Space industry refers to economic activities related to manufacturing components that go into outer space (Earth's orbit or beyond), delivering them to those regions, and related services. Owing to the prominence of the satellite-related activities, some sources use the term satellite industry interchangeably with the term space industry. The term space business has also been used. A narrow definition encompasses only hardware providers (primarily related to launch vehicles and satellites). This definition does not exclude certain activities, such as space tourism. Thus more broadly, space industry can be described as the companies involved in the space economy, and providing goods and services related to space. Space economy has been defined as "all public and private actors involved in developing and providing space-enabled products and services. It comprises a long value-added chaining, starting with research and development actors and manufacturers of space hardware and ending with the providers of space-enabled products and services to final users."
The three major sectors of the space industry are: satellite manufacturing, support ground equipment manufacturing, and the launch industry. The satellite manufacturing sector is composed of satellite and their subsystems manufacturers. The ground equipment sector is composed of manufacturing items like mobile terminals, gateways, control stations, VSATs, direct broadcast satellite dishes, and other specialized equipment. The launch sector is composed of launch services, vehicle manufacturing and subsystem manufacturing. Every euro spent in the space industry returns around six euros to the economy, according to the European Space Agency. This makes it a critical sector for economic development, competitiveness, and high-tech jobs.
With regards to the worldwide satellite industry revenues, in the period 2002 to 2005 those remained at the 35–36 billion USD level. In that, majority of revenue was generated by the ground equipment sector, with the least amount by the launch sector. Space-related services are estimated at about US$100 billion. The industry and related sectors employ about 120,000 people in the OECD countries, while the space industry of Russia employs around 250,000 people. Capital stocks estimated the worth of 937 satellites in Earth's orbit in 2005 at around 170 to US$230 billion. In 2005, OECD countries budgeted around US$45 billion for space-related activities; income from space-derived products and services has been estimated at US$110–120 billion in 2006 (worldwide).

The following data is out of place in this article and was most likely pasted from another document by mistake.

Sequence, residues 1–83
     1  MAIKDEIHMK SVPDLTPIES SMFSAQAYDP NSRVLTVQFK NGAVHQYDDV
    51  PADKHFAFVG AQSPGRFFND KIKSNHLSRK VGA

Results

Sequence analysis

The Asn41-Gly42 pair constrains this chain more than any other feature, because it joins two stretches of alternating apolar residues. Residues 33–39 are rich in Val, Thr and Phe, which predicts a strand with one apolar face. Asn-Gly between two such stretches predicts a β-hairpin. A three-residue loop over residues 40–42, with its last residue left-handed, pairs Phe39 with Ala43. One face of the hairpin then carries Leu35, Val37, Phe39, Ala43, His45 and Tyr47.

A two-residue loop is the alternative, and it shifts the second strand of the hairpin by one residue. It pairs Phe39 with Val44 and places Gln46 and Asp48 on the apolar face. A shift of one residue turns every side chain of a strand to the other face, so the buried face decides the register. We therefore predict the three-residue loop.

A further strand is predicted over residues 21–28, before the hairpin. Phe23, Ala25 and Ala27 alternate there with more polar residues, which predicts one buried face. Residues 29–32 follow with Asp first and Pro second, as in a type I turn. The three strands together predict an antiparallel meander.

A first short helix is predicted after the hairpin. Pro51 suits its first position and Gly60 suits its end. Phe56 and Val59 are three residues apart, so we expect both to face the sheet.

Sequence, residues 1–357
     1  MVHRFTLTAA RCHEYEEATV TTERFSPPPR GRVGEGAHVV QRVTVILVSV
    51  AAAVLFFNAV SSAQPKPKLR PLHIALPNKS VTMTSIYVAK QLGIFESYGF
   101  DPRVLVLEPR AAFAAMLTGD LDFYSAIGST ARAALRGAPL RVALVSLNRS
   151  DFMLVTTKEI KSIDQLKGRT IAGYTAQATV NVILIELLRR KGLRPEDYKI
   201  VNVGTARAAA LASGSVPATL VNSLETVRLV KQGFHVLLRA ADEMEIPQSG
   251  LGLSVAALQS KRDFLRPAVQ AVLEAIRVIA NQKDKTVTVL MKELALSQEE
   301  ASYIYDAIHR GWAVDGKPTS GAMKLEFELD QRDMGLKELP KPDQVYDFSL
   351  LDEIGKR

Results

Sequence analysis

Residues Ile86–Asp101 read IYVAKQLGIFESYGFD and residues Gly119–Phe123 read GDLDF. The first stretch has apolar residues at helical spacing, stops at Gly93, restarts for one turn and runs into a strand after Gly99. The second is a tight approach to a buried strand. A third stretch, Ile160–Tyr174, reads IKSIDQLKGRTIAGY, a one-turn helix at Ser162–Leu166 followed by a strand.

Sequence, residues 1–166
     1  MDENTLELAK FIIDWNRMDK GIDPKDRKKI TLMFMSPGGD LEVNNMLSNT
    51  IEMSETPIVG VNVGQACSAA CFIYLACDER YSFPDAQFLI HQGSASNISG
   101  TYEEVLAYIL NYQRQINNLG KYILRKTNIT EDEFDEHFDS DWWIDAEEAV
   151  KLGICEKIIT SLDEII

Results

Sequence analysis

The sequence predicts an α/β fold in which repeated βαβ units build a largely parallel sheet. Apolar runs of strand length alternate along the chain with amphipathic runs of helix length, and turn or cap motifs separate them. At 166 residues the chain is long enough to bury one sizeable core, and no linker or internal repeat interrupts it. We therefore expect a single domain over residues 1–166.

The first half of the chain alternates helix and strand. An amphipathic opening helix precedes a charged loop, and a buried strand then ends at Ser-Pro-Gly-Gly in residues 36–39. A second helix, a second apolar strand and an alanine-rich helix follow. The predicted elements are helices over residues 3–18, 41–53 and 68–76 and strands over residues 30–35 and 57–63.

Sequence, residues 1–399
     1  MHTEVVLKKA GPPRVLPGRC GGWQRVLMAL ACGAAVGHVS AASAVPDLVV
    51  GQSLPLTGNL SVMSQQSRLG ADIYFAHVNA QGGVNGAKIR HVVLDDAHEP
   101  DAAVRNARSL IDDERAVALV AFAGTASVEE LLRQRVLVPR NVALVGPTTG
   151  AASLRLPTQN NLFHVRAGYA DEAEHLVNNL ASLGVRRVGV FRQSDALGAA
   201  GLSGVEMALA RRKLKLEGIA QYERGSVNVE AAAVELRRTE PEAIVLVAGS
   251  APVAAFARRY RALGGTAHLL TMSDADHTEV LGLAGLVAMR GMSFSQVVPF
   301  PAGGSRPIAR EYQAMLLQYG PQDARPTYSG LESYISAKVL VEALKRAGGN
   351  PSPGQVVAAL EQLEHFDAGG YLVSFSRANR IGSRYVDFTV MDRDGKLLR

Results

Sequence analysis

The space industry began to develop after World War II, as rockets and then satellites entered into military arsenals, and later found civilian applications. It retains significant ties to the government. In particular, the launch industry features a significant government involvement, with some launch platforms (like the Space Shuttle) being operated by governments. In recent years, however, private spaceflight is becoming realistic, and even major government agencies, such as NASA, have begun relying on privately operated launch services. Some future developments of the space industry that are increasingly being considered include new services such as space tourism.
From 2004–2013, total orbital launches by country/region were: Russia: 270, US: 181, China: 108, Europe: 59, Japan: 24, India: 19 and Brazil: 1.
Relevant trends in the 2008–2009 for the space industry have been described as:
The 2019 Space Report estimates that in 2018 total global space activity was $414.75 Billion. Of that, the report estimates that 21%, or $87.09 Billion, was from U.S. Government Space Budgets.
A report discussing global space spending in 2021 estimated global spending at approximately $92 billion.
Mr. Musk's closely held company has changed the equation, partly by pressuring its rival by charging about a quarter of United Launch's average price of $220 million per launch. In May, the U.S. Air Force formally cleared SpaceX to vie for national-security launches.